When a dog eats a toy or other non-food object, the indigestible material can become lodged in the gastrointestinal tract, creating an intestinal obstruction. This problem can happen as a result of tumors or physical abnormalities as well. Blockage of the intestines is dangerous, potentially resulting in an infection or rupture. Although some obstructions may pass on their own, many will require surgery.
What Is Intestinal Obstruction?
An intestinal obstruction happens when a dog has a complete or partial blockage of the intestines. These obstructions are a bit like clogged pipes; the blockage impairs digestion and intestinal motility, preventing the dog from passing food and waste through the gastrointestinal (GI) tract. Partial obstruction allows the dog to pass some stool and gas, but this constriction will eventually damage the intestines if not remedied.
A complete GI obstruction is an emergency that can swiftly lead to death if untreated. The longer the blockage remains, the more likely it will restrict blood flow and lead to necrosis (death) of intestinal tissues. Bacterial infections may develop, and the intestines can even perforate, causing the dog to bleed internally.
Symptoms of Intestinal Obstruction in Dogs
Signs of obstruction may vary depending on the cause. A dog with a partial obstruction may have subtle signs at first, giving the impression of a simple upset stomach. These symptoms may progress without treatment over the course of several days. A full obstruction will be very uncomfortable and rapidly present with more severe symptoms.
Each of the symptoms associated with intestinal obstruction involves gastrointestinal distress and the cascade of problems that occur when the GI tract is not functioning as it should. Initial vomiting, diarrhea, and appetite loss will precede a swollen abdomen due to fluid and fecal retention. A dog may become lethargic and depressed due to discomfort, and if the obstruction persists or worsens, dehydration and malnutrition will follow.
Causes of Intestinal Obstruction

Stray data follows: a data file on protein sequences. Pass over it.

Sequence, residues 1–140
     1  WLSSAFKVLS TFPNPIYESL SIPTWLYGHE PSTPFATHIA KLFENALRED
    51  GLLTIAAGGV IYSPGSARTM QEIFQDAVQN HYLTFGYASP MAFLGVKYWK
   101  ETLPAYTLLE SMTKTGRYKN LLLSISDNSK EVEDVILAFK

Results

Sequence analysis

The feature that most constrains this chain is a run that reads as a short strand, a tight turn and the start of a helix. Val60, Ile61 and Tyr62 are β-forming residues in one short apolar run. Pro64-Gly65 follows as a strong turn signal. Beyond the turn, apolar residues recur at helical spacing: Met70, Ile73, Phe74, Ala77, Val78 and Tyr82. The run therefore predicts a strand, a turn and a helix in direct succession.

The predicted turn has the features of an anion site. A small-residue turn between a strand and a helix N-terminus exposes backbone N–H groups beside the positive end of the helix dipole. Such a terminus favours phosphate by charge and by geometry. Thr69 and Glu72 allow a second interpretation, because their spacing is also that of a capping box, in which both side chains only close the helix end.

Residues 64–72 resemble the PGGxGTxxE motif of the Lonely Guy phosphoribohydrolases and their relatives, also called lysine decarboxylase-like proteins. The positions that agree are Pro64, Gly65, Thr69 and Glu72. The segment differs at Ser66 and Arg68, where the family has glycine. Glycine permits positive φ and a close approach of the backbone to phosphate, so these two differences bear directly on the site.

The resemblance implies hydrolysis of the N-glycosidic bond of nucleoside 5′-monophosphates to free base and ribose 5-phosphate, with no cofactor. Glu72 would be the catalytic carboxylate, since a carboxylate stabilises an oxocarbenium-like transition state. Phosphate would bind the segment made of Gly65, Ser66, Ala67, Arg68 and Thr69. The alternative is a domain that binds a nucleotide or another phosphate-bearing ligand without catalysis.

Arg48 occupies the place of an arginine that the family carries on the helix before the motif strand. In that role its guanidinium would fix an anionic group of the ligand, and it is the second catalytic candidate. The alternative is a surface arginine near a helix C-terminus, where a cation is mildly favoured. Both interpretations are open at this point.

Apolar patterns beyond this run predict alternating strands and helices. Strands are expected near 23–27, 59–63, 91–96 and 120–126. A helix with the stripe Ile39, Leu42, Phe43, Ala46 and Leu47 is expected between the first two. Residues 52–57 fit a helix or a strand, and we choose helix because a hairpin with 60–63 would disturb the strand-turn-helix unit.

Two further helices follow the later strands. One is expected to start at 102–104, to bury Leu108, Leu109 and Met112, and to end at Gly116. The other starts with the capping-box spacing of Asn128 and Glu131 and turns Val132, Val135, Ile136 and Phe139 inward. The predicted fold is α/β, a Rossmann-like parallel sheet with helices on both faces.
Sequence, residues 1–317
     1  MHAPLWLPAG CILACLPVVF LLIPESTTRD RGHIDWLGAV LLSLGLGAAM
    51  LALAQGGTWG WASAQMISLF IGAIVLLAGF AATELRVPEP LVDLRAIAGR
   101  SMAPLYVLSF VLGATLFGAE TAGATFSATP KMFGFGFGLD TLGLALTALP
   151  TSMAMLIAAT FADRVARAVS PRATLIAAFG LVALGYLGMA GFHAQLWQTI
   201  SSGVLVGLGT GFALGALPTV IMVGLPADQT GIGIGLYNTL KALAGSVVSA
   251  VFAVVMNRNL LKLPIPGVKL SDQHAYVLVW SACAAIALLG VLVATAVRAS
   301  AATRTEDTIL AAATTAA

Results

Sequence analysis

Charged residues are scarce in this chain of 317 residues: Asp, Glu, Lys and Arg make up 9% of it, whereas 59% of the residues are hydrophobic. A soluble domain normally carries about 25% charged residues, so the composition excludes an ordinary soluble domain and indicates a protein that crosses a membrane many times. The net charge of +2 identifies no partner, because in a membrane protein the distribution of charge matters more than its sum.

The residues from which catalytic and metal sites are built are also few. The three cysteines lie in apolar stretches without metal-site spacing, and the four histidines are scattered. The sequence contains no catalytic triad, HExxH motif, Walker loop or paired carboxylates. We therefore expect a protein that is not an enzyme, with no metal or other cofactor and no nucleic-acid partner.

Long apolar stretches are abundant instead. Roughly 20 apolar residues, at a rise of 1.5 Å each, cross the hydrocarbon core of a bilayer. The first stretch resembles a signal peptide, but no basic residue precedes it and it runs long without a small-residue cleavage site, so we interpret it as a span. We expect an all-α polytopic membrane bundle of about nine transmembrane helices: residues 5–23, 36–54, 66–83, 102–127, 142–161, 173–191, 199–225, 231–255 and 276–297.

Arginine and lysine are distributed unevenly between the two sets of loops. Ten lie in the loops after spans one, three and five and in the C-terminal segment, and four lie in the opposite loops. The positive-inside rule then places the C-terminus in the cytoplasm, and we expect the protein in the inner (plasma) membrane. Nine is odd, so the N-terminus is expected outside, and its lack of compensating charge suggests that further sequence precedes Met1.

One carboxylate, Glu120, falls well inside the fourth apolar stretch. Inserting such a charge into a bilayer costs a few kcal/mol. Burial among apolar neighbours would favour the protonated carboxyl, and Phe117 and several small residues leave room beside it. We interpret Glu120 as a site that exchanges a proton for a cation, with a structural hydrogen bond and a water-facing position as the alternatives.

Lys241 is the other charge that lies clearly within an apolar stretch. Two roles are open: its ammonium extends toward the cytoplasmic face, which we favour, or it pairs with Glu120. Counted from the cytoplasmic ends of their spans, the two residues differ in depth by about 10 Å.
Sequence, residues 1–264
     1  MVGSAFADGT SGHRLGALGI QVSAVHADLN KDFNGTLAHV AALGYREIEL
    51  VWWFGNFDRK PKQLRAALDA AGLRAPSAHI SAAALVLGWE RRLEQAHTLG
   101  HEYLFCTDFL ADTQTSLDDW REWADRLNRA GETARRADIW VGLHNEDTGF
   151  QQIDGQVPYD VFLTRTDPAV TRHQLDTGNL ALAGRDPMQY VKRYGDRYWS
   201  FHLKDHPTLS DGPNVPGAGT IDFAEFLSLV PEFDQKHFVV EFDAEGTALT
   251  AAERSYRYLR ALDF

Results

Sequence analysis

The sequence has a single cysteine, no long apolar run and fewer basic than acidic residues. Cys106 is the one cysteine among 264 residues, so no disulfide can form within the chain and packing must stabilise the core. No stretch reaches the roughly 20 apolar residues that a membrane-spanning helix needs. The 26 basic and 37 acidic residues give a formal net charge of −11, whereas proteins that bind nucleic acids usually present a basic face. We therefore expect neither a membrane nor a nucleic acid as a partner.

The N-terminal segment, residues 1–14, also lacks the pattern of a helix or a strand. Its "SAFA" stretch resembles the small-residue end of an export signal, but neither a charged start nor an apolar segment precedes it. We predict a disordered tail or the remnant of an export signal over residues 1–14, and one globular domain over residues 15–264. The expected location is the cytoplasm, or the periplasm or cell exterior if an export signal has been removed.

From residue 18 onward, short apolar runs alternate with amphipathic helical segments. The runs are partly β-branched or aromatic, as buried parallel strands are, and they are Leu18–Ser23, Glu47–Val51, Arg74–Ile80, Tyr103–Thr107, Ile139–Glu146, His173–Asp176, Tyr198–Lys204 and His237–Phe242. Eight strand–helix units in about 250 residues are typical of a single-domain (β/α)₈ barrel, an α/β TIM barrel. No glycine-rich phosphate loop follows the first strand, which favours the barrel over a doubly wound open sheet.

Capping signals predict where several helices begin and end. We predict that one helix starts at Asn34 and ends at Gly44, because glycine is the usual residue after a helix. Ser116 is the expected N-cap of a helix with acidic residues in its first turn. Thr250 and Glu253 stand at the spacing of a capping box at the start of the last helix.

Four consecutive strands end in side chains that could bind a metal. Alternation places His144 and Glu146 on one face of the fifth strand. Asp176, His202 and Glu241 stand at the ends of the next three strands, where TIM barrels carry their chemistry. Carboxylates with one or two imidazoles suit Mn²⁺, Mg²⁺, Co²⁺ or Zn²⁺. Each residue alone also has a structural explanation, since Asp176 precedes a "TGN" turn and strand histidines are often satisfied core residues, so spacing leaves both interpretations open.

The most common cause of canine intestinal obstruction is the ingestion of a foreign body. Some dogs will eat the most surprising things: toys, bones, corn cobs, and clothing (especially socks and underwear). Sharp objects can both block and perforate the lining of the GI tract, causing dangerous internal bleeding. Strings, rope, and similar items can cause a linear foreign body, an obstruction that can cause parts of the intestines to bunch up the way a drawstring cinches a hood or waistband. Many foreign bodies cannot be digested or dissolved completely by gastric acids. Contact your vet right away if you see your dog eat something that can cause blockage.
Intestinal blockages may occur for reasons other than foreign body ingestion, including:
- Tumors: A growth or mass inside the intestines can gradually decrease motility and eventually grow large enough to cause a blockage. A tumor in the abdomen may grow large enough to put pressure on the intestines, blocking them from the outside.
- Intussusception: This condition occurs when the intestines fold into themselves in a telescopic manner. Foreign bodies and tumors can lead to intussusception, but other potential causes include infections, intestinal parasites, and dietary changes. Intussusception may also occur as a complication after intestinal surgery.
- Pyloric stenosis: This narrowing of the passage from the stomach to the small intestine can lead to a GI obstruction. Pyloric stenosis may be caused by a congenital abnormality (birth defect) or may develop over time in older dogs for reasons unknown.
Diagnosing Canine Intestinal Obstruction